What We Know Is True

Action

We’ve spent the last week as a team moving through discomfort to talk, learn, and try to figure out our place in this movement—as a group of people with the shared truth that black lives matter and unique ways of expressing that in our personal lives, and as an organization with influence that can be applied for good. 

If we’re being honest: We’re still trying to figure it out. As a business, we’re marketers, working every day to establish a new system of mass communication built on truth. It’s unsurprising but disheartening to see brands all over the world publicly expressing their “conviction” at a time when it’s convenient—while never having stood on that platform before. It’s sobering to admit we could (and should) have been doing more, making a more concerted effort. It’s been an incredible challenge to determine how to respond in our own way when we know the efforts we’ve made towards diversity and equal representation on our staff or the money and time we’ve donated to organizations and creators who champion the dignity, value, and worth of BIPOC communities, but we’ve never talked about it publicly—does that give us a right to now? Does that make it inauthentic to do so now? And really, does it matter, as long as doing so helps evoke necessary change? We have been hesitant and afraid, as a brand focused on truth, to profit by association off of the affinity of appearing aligned with what’s “fashionable” for brands in this painful moment in our country and around the world.  

But, we’ve realized something: inaction is a more insidious choice than well-intentioned action, and fear is no reason to not stand for what you believe in. We’ve told our clients that very thing every single day since we first opened. This week, we reminded ourselves. 

So, here’s what we know is true:

  • George Floyd’s death was murder. Breonna Taylor’s death was murder. Ahmaud Arbery’s death was murder. The deaths of Botham Jean, Michael Brown, Tamir Rice, Atatiana Jefferson, Eric Garner, Jordan Edwards, Freddie Gray, William Chapman, Walter Scott, and others like them were murder. 
  • Their lives mattered. Black lives matter. 
  • The racism that began in this country centuries ago exists today, ingrained in systemic problems such as police brutality, criminal convictions, economic opportunity, redlining, and health inequity.
  • White privilege is a fact. And white people have an opportunity and responsibility to use that privilege to help the disenfranchised.
  • Saying “I’m not racist” is not enough. Racism and implicit bias are embedded in our culture and impossible to escape. 
  • Saying nothing is not enough, because silence is complicity. 
  • The advertising industry—our industry—has an undeniable track record of building brands and profiting from racism.
  • This quote, from our teacher and friend Lindsey T.H. Jackson: “We all have to be anti-racists every day. In our interactions with our community, our family, our friends, and ourselves. It’s a commitment to anti-bias.”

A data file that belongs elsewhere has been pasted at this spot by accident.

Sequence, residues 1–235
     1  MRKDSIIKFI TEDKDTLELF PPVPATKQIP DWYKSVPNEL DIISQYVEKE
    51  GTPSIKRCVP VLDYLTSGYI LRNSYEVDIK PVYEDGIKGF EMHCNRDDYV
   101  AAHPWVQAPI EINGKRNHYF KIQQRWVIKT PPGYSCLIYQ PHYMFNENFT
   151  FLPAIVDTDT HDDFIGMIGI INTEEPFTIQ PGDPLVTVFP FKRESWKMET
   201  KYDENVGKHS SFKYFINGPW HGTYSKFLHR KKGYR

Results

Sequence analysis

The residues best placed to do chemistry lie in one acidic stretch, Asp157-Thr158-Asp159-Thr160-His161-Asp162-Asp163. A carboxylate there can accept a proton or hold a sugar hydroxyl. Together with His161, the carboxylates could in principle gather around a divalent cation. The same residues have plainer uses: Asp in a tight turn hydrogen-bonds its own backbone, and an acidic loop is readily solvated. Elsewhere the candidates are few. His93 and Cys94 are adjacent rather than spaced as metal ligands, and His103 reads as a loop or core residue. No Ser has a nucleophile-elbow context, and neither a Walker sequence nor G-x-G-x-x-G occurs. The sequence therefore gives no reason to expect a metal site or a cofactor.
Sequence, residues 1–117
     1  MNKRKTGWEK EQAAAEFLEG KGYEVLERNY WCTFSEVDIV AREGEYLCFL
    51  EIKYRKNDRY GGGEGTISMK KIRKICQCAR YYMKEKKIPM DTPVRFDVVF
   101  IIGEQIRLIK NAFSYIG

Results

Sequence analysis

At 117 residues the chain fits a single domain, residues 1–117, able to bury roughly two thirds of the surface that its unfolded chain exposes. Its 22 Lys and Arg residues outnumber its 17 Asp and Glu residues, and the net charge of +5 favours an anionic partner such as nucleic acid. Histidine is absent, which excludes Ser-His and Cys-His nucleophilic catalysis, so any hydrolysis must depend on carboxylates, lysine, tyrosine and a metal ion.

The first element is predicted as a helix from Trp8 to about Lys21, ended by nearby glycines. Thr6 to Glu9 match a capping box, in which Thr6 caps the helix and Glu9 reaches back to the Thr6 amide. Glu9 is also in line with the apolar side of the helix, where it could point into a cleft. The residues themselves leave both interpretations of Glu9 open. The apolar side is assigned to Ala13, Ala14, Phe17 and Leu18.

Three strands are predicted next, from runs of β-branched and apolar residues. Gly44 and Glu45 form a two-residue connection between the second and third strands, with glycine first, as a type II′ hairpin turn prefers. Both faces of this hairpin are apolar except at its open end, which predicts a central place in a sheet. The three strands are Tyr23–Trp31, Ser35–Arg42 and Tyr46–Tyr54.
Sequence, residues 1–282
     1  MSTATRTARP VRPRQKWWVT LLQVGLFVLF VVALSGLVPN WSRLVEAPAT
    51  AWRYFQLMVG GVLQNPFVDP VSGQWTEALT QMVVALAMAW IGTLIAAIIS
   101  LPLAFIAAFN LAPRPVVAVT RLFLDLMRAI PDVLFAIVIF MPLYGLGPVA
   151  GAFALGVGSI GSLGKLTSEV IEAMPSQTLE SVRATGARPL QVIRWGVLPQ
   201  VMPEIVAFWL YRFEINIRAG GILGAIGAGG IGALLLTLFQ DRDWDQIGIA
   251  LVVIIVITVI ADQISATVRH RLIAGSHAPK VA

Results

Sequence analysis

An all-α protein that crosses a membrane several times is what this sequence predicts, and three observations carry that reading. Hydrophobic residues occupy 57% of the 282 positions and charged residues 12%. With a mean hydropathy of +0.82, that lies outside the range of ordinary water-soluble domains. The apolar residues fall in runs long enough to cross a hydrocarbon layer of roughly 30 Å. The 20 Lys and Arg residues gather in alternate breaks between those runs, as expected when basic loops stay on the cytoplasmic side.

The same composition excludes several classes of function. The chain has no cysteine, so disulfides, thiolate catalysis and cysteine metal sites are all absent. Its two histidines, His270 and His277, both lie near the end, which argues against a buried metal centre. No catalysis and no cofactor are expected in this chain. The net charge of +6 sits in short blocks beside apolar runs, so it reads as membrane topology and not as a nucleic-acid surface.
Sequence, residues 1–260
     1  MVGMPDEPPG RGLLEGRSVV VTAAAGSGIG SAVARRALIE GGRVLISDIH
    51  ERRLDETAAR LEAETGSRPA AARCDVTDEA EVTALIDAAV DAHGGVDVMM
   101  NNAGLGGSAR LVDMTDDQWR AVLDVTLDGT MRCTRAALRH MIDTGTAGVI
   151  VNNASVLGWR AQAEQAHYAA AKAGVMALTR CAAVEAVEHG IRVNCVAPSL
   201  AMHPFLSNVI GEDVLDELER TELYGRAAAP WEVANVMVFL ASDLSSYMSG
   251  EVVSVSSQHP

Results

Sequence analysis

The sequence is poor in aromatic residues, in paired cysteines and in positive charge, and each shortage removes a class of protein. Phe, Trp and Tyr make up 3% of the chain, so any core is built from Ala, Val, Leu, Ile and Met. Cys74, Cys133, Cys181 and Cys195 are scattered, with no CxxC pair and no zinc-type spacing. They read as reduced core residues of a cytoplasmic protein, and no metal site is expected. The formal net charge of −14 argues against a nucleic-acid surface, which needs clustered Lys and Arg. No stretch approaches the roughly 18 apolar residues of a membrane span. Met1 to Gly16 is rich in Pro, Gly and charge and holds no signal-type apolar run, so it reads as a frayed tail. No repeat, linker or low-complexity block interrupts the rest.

We talked as a team on Friday, and decided we want to engage in stages of work, from immediate to long-term. Some have a tendency to see long-term, some short-term—all are correct and geared towards the same goal: racial equality and justice. We started that immediate work last weekend with a statement in support of Black Lives Matter. It’s continued below with a compilation of resources for allyship shared on Slack and social media by members of our team. Together, we’re exploring the spectrum of what that action looks like—right now and in the long term. 

We want to do what is appropriate and true to us: using the power of story and the skills we have to dismantle systemic racism, prejudice, and hate that threatens to destroy our democracy. We’re exploring ways to contribute the unique skills as a team and our unique platform in a way that makes room and makes an impact—not noise. 

America has not lived up to its founding creed: “… that all men are created equal, that they are endowed by their creator with certain unalienable rights, that among these are life, liberty, and the pursuit of happiness.” We can all do better to change that story, our story, and together we can turn the page and write a better narrative.

Resources for allyship

Where to donate (time or money)

  1. ACLU Foundation 
  2. Black Lives Matter of Seattle-King County
  3. Got Green Seattle
  4. BET + United Way COVID-19 Relief Fund
  5. NAACP Legal Defense and Education Fund

What to watch

  1. “Eyes on the Prize,” parts I and II (PBS)
  2. “13TH” (Netflix) 
  3. “When They See Us” (Netflix)
  4. “I Am Not Your Negro”
  5. “Hidden Colors”
  6. “The African Americans: Many Rivers to Cross” (PBS)

What to listen to

  1. 1619 (New York Times) 
  2. Code Switch (NPR) 
  3. The Daily (New York Times) 
  4. Momentum (Race Forward) 
  5. Rants & Randomness with Luvvie Ajayi 
  6. Still Processing (New York Times)

What to read

  1. “I Am Not Your Negro,” by James Baldwin
  2. “Black Like Me,” by John Howard Griffin
  3. “The New Jim Crow: Mass Incarceration in the Age of Colorblindness,”
  4. “The Souls of Black Folk,” by W.E.B. Dubois
  5. “I Know Why the Caged Bird Sings,” by Maya Angelou
  6. “Their Eyes Were Watching God,” by Zora Neale Hurston
  7. “White Fragility: Why It’s So Hard for White People to Talk About Racism,” Robin DiAngelo
  8. “Something Happened In Our Town” (children’s book)
  9. 10 tips for teaching children about race
  10. A toolkit for talking to your children about racism